By this time Fairburn was himself in London, having arrived in October that year wanting to write and to be free of the New Zealand in which he felt he was stagnating. Apart from six weeks spent walking in France and northern Spain he stayed for two years in England. There he became acquainted with London's literary and bohemian life, and found it generally not to his liking. He was glad, however, to work with the poet and publisher Charles Lahr, and the editor A. R. Orage, who published his political commentaries in the New English Weekly. Acquaintance with the sculptor Jacob Epstein, the art patron Lucy Wertheim, and the painters Frances Hodgkins and Leon Underwood was significant in developing his particular aesthetic.
Most important was his meeting with Jocelyn Mays, a New Zealand art student at the Slade School of Fine Art. They fell in love and withdrew to the Wiltshire countryside. On 19 November 1931 they married at Pewsey, Wiltshire, and their first child, a daughter, Corin, was born the following year.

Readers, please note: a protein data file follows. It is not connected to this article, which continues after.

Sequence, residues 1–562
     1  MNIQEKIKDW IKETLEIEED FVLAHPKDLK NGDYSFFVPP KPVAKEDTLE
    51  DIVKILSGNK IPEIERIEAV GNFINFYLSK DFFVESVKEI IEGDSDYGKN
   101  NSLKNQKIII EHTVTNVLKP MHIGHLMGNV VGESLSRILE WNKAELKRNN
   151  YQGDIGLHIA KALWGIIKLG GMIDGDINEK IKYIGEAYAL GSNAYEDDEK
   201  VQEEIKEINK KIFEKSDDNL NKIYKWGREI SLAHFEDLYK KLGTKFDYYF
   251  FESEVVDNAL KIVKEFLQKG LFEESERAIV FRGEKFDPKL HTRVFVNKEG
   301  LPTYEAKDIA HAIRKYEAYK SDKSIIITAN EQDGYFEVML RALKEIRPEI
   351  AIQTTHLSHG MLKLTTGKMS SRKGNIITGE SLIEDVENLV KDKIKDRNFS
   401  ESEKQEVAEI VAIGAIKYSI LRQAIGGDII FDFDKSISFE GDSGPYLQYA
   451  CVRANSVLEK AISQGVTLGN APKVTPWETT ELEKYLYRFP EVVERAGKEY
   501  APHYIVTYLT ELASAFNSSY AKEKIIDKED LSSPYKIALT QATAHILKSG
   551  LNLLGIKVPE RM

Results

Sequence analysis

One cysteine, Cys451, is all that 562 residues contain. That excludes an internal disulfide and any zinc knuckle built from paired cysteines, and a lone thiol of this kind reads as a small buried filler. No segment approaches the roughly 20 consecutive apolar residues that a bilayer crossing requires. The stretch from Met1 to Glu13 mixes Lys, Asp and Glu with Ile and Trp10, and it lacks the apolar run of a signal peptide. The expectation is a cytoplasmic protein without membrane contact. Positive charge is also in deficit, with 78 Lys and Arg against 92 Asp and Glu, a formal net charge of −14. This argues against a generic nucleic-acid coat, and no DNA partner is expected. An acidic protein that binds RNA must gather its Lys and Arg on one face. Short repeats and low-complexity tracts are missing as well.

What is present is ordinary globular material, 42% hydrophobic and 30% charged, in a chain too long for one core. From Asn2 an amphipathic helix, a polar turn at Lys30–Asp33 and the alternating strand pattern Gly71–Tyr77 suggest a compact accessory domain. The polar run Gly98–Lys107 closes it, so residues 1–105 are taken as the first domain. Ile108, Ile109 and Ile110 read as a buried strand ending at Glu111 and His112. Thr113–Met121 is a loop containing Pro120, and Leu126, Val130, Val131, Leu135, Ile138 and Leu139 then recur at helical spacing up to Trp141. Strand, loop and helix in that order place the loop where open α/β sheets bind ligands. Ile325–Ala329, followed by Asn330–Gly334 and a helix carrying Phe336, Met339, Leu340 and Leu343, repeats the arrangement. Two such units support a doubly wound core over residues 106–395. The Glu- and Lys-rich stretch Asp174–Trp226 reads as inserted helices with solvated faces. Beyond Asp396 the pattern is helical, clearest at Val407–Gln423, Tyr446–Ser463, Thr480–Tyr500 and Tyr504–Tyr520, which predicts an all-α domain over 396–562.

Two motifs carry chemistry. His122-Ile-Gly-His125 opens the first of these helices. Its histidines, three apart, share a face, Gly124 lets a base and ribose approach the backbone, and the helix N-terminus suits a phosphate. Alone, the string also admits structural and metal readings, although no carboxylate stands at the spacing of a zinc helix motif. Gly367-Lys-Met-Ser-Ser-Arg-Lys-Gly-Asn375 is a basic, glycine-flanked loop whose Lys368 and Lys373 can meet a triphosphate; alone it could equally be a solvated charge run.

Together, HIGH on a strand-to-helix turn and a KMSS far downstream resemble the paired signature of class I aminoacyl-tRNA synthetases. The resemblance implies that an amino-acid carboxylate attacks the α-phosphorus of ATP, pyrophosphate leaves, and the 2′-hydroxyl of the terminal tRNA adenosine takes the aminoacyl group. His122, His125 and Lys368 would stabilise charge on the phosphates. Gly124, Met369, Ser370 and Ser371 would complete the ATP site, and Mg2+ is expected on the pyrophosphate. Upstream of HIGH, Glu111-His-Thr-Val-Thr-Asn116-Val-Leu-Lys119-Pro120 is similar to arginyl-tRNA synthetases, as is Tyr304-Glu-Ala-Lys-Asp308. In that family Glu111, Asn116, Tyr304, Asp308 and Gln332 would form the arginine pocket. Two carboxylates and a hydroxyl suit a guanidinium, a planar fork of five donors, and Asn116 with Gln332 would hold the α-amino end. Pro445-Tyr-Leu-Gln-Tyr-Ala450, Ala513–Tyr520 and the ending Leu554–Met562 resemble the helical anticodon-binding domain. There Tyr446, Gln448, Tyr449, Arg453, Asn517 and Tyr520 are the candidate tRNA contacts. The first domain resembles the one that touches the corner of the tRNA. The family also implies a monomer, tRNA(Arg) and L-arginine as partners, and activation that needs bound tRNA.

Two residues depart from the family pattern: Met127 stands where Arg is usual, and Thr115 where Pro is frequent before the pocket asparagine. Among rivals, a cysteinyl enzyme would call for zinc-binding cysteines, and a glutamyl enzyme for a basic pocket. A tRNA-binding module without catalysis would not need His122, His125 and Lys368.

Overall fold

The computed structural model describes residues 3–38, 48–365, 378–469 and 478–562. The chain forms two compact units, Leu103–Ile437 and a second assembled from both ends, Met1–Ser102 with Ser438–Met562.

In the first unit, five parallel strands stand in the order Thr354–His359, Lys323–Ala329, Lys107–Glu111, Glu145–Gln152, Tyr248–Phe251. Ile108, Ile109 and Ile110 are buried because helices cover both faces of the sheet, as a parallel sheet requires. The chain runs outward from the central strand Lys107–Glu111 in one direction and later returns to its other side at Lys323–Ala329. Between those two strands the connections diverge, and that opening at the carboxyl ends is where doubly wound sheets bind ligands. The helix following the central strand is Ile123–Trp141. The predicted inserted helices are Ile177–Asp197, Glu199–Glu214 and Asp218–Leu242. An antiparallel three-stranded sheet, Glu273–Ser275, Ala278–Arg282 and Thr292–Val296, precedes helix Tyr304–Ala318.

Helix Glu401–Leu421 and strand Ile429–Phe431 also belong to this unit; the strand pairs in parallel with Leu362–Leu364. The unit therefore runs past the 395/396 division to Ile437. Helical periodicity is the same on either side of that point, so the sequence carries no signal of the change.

In the English countryside Fairburn clarified his views on art and society, corresponding with R. A. K. Mason, Clifton Firth (an Auckland photographer and communist) and Jasper Brett, a friend of the 1920s. He accepted the modernist movement but rejected the more analytical and intellectualised aspects of its aesthetic theories. He remained left wing, strongly in sympathy with the victims of the depression. Although retaining his respect for Karl Marx as a historical philosopher, he rejected the rigid materialism of the communists. It was, he believed, the anti-usury strategy of C. H. Douglas's social credit theory that would break the financial deadlock of the depression. But he was a long way towards the anarchist position, and would accept no doctrine absolutely.